Washington, D.C. — People think Washington is broken. They should meet Anna Eshoo and Jeff Fortenberry.
That was pretty much the unanimous consensus at the Solidarity Dinner hosted by the advocacy organization In Defense of Christians right there, in the heart of it all — across the street from Congress.
Now I have to confess that I was totally dreading going to Washington, D.C., for this dinner. I’ve spent many days of my life in the city, including on Capitol Hill. But I had avoided it much of the summer and during a post–Labor Day heat wave. I had a lingering cough from too much travel elsewhere and was tempted to avoid the swamp.
And then there was the block it was on. Maybe one of the more hyper-partisan blocks in the nation, you might think. And sometimes you’d be right. The Republican National Committee is there, and the dinner, although it was attended by Ds and Rs alike, was at the Capitol Hill Club, also known as the National Republican Club. I work at the original #NeverTrump conservative magazine. It’s not a block where I hang around a lot these days.
But there are Christians whom terrorists are working to delete from the Middle East, and the least I could do is show up to support the people actually trying to get Americans to do something.
And one half of the bipartisan duo of Eshoo and Fortenberry being honored for their work on religious freedom is a friend of mine. And so are Carl Anderson and the Knights of Columbus, who were also being honored for their world on religious freedom. I got to know Congressman Fortenberry because we would often find ourselves at the same weekday Mass together when I was spending much more time in the nation’s capital. It was a joy to run into him because he reminded me of the best of this place: a town that actually draws people not who are power-hungry but who feel a call to civic service, a noble service.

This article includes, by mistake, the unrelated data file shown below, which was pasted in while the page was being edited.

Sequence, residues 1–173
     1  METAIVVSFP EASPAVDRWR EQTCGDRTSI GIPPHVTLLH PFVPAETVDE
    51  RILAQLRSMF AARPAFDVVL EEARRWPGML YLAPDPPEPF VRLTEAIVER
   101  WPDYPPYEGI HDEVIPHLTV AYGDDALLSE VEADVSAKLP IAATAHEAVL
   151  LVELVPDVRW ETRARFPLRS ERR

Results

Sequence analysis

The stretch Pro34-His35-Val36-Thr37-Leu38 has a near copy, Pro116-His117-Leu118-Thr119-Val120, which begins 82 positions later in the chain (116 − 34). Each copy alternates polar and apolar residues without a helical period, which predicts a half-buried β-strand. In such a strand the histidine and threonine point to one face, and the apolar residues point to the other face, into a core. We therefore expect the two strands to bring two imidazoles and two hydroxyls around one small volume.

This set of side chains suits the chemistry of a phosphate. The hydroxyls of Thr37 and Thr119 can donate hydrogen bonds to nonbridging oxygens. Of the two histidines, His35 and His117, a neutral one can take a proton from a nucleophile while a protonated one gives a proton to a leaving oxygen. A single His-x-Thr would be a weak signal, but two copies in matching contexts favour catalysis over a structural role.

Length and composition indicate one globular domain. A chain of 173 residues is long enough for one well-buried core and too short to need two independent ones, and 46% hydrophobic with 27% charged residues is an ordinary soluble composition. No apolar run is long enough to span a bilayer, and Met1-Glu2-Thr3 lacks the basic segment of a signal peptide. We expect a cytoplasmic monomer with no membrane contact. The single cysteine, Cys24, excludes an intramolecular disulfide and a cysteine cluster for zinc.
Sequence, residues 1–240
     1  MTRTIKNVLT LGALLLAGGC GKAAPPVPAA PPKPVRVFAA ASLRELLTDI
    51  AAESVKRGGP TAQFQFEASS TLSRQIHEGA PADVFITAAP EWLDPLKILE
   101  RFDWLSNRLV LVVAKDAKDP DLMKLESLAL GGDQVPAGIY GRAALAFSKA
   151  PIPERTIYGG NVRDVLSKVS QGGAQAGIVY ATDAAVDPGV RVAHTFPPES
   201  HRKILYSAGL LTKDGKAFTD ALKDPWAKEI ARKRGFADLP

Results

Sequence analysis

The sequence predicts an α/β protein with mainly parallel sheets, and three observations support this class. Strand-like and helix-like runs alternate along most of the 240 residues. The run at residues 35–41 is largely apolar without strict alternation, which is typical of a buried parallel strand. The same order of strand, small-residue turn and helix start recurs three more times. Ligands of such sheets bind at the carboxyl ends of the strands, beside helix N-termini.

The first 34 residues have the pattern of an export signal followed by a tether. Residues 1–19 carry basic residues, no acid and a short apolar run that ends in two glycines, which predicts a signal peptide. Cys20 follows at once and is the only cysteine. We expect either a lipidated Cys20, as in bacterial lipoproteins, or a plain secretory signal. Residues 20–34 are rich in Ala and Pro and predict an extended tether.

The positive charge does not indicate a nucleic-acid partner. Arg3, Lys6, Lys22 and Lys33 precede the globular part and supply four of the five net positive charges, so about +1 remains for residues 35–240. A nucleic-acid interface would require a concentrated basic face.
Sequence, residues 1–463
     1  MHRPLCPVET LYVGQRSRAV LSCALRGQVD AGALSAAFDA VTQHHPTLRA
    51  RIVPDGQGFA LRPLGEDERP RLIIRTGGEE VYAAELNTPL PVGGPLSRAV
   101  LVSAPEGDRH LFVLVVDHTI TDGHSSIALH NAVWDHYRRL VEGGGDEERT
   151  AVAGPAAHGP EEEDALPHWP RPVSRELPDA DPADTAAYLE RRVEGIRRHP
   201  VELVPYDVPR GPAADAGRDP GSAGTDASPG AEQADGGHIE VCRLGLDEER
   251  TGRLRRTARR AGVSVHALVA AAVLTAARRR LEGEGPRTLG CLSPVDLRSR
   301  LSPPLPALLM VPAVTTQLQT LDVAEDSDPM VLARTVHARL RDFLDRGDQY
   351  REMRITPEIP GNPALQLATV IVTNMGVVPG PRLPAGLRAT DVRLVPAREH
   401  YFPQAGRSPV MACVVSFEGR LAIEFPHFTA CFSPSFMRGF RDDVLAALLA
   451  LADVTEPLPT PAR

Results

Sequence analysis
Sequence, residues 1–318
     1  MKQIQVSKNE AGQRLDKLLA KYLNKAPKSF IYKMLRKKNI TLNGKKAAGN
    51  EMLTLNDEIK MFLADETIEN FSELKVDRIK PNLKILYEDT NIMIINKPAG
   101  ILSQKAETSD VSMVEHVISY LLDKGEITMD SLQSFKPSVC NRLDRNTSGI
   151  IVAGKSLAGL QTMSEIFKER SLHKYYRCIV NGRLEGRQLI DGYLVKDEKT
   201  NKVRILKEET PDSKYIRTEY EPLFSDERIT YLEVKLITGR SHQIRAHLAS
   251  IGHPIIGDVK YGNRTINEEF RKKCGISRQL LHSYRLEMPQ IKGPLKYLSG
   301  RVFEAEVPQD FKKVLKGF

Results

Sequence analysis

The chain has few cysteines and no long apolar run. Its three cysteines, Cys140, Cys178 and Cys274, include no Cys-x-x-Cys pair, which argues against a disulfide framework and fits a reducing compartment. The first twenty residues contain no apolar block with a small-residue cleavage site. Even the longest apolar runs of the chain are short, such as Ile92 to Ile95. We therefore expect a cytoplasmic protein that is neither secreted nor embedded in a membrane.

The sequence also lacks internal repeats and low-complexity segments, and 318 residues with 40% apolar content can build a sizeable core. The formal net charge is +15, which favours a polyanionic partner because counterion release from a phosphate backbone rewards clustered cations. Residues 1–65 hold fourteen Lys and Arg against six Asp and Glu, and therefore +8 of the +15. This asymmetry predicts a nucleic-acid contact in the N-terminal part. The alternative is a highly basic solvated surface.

And Eshoo and Fortenberry sure reminded us of this.
It turned out that if you were down on national politics, this was exactly the place to be.
As was demonstrated by Eshoo, a Democrat, in her remarks about why she has worked to defend Christians targeted for elimination by the so-called Islamic State: because of her faith. Her colleague, a Nebraska Republican, was moved to tears for her tribute to his life of Christian witness, saying that “the ages” would call him “blessed.” The sheer depth of their friendship in common cause for the common good — and, in this case, in literally telling the truth about facts that are undeniable and whose telling is saving lives — was inspiring.
The sheer depth of their friendship in common cause for the common good was inspiring.
Eshoo gushed with great affection about her late “Daddy,” about how proud he was of being a Knights of Columbus and how he’d be upping his contributions because of the work they are doing now to help Christians targeted for genocide. Anderson, for his part, had concrete strategies for Congress and the next administration, whoever leads it. In the mess of debates about aiding refugees from the likes of Mosul and Aleppo, prioritize the Christians, he said. Not to exclude anyone from help and welcome. But because they have been specifically targeted, along with other religious minorities — because of who they are. The Yazidis and other religious minorities are as welcome as anyone in havens for Christians. It’s in some of the mainstream camps that non-Muslims encounter problems. The Knights know this because they have been on the ground, asking questions.
Anderson urged Congress to act, and he asked the two presidential candidates to commit to two simple things, consistent with our nation’s commitment to religious liberty and human rights. First, he said, “promote the international affirmation of their human rights in keeping with the Universal Declaration of Human Rights, both as individuals and as distinct societies within their national framework, and . . . end the second-class citizenship of religious minorities in the Middle East.” And, second, “help preserve their ancient communities, which should be considered part of the cultural heritage of all humanity, including by direct government funding for those communities who were targeted for genocide.”
After being presented an incense holder from a church that was burnt in Aleppo, Anderson said of Christian survivors of ISIS in the Middle East today that their “witness to their beliefs should inspire people of all faiths — or of none,” adding: “In a world crippled by relativism and uncertainty, our brothers and sisters in the Middle East offer the example of complete, selfless commitment.”
And it can even happen on Capitol Hill. If you’re distressed about politics, work on the renewal. And if Eshoo and Fortenberry and the Knights are any indication, it starts with solidarity with the suffering, and with the insistence that the world remember their dignity and stand up for it and them in the face of evil.